For a decade, from 1748 until 1758, George Washington spent more nights in Winchester than any other place besides his home.1 Washington spent the most formative period of his life in Winchester. There he learned geography and topography, raised, commanded and supplied troops (including troublesome militia), built and managed a fort, and achieved political office. Washington would also draw upon lessons learned in all of these experiences as war leader and President.
Originally named "Frederick Town" at its founding in the 1730s, Winchester is the County Seat of Frederick. Lying north-northwest of the confluence of Opequon Creek and the Shenandoah River along a trail extending southwest up the Shenandoah Valley, the site was originally occupied by a Shawnee village. First sighted by Governor Alexander Spotswood in 1716, the northern (or lower) Valley attracted German and Scotch-Irish settlers from the 1720s. Acting on a land grant from Thomas, 6th Lord Fairfax, James Wood established a courthouse and renamed the town Winchester in 1743.
Washington first visited Winchester on March 16, 1748, while on a surveying party led by George William Fairfax (the son of Lord Fairfax's cousin and agent William Fairfax), describing the experience in A Journal of My Journey Over the Mountains. At the time Winchester was comprised of the courthouse, a jail, an Anglican church, and what one observer described as "about 60 houses, which are rather poorly built."2
Washington surveyed the region between November 1749 and May 1752, becoming familiar with the lower Shenandoah Valley in the process. This knowledge persuaded Governor Robert Dinwiddie to send Washington to warn the French to vacate the Ohio River valley in 1753, a demand they refused. France’s fortification of the region led to open hostilities the following year. Washington was commissioned Lieutenant Colonel of the Virginia Regiment, and used Winchester as his headquarters and supply base throughout the conflict.
After surviving the disastrous Braddock expedition, Washington was raised to the position of Colonel and commander in chief of Virginia forces on the western frontier in August 1755. He returned to Winchester to take command on October 10, and was not impressed, calling the town "this vile post" and complained of the "obstantcy and dastardliness" of the Scotch-Irish settlers of the area.3 Nevertheless, Winchester was a vital link in a defensive chain intended to counteract French forts like Duquesne and defend settlers from Native American raids.
Washington constructed Fort Loudoun on a rise north of town between May 1756 and September 1757 as a half acre square redoubt with four diamond-shaped bastions armed with twenty-four cannon. Washington made the fort his residence in December 1756 and remained there until he left Winchester permanently in December 1758. That year, after a previous unsuccessful attempt in 1755, Washington was elected to represent Frederick County in the Virginia House of Burgesses. He was reelected in 1761, despite having relocated to Mount Vernon two years earlier.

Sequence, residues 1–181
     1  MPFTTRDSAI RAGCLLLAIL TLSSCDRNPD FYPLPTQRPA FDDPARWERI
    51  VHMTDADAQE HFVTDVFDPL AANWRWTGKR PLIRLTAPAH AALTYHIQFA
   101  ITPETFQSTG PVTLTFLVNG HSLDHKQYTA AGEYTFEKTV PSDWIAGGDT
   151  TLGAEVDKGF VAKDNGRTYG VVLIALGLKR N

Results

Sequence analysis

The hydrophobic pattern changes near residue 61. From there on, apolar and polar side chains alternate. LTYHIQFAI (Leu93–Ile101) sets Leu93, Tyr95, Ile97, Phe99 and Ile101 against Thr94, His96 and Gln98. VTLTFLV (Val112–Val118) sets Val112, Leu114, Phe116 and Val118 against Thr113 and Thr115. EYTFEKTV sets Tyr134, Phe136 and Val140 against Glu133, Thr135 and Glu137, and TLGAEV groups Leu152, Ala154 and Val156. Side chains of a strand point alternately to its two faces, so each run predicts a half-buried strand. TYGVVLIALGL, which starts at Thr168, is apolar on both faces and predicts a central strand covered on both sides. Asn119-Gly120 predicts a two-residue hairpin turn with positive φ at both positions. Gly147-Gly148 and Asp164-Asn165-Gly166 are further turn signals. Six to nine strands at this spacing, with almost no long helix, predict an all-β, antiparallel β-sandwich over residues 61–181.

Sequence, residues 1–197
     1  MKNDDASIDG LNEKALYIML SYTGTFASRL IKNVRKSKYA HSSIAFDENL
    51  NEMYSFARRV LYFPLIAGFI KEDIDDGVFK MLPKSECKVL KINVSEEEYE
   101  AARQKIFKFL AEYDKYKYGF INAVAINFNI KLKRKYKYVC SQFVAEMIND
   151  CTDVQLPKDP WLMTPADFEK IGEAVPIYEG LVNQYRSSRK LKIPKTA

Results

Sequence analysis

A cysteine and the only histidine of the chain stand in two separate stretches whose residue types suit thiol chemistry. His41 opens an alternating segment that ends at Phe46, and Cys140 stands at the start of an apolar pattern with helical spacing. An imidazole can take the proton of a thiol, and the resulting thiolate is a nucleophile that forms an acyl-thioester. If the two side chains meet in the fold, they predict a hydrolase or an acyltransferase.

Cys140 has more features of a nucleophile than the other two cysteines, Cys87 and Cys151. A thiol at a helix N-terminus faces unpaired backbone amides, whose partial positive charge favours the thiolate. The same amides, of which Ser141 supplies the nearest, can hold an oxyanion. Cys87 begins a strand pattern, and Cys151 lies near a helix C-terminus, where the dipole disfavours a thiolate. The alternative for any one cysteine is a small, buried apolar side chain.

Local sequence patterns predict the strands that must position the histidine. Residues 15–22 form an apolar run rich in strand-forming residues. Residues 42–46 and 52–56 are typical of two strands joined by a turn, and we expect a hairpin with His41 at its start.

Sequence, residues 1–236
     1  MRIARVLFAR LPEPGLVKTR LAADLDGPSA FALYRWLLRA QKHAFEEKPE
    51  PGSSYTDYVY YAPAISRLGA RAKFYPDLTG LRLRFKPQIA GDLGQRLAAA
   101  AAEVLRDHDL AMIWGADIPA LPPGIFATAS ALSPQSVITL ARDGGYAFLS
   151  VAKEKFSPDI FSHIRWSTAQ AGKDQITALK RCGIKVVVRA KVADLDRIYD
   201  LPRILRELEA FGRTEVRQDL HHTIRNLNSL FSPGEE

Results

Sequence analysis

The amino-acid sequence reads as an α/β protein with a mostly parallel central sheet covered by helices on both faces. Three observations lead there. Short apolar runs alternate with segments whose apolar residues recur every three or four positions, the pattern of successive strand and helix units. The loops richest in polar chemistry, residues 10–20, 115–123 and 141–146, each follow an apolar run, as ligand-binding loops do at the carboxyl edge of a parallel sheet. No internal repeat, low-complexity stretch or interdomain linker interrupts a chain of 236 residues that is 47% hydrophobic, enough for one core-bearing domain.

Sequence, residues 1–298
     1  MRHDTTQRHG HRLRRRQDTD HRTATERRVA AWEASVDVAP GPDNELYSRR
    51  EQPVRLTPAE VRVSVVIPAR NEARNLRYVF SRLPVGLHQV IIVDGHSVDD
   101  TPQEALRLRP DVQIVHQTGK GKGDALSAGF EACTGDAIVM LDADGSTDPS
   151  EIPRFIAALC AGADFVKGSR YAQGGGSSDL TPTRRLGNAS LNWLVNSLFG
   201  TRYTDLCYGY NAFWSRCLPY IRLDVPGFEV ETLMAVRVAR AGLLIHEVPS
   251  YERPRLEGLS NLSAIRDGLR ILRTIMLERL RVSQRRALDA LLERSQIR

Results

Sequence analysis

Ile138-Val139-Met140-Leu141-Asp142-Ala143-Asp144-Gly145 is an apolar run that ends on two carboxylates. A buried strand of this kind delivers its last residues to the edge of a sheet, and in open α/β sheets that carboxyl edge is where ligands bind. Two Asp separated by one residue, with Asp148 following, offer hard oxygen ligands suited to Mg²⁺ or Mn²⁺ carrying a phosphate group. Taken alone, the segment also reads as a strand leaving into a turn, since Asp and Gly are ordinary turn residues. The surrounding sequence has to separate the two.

Curtis F. Morgan Jr., Ph.D.
Lord Fairfax Community College
1. Garland R. Quarles, George Washington and Winchester, Virginia 1748-1758: A Decade of Preparation for Responsibilities to Come, Vol. VIII (Winchester, VA: Winchester-Frederick County Historical Society, 1974), 43.
2. Account of "Brother Gottlieb," 1753, quoted in Quarles, 4.
3. George Washington to John Augustine Washington, May 28, 1755, Fitzpatrick, vol. 1; quoted in Quarles, p. 17. Quoted in Hofstra, George Washington, p. 15.
Anderson, Fred. Crucible of War: The Seven Years' War and the Fate of Empire in British North America, 1754-1766. London: Faber and Faber, 2001.
Freeman, Douglas Southall. George Washington. Vols 1-2. NY: Charles Scribner's Sons, 1948.
George Washington and the Virginia Backcountry, ed. Warren R. Hofstra. Madison, WI: Madison House, 1998.
Hofstra, Warren R. The Planting of New Virginia: Settlement and Landscape in the Shenandoah Valley. Baltimore: Johns Hopkins Univ. Press, 2004.
________ and Robert D. Mitchell, "Town and Country in Backcountry Virginia: Winchester and the Shenandoah Valley." Journal of Southern History 59:4 (November 1993): 619-646.
Lewis, Thomas A. For King and Country: The Maturing of George Washington 1748-1760. New York: Harper Collins, 1993.
Morton, Frederic. The Story of Winchester in Virginia: The Oldest Town in the Shenandoah Valley. Rpt. 1925. Westminster, MD: Heritage Books, 2007.
Quarles, Garland R. George Washington and Winchester, Virginia 1748-1758: A Decade of Preparation for Responsibilities to Come. Vol. VIII, Winchester-Frederick County Historical Society Papers. Winchester, VA: Winchester-Frederick County Historical Society, 1974.
Washington, George. Journal of My Journey Over the Mountains, ed. J.M. Toner (Albany, NY: Joel Munsell Sons, Publishers, 1892).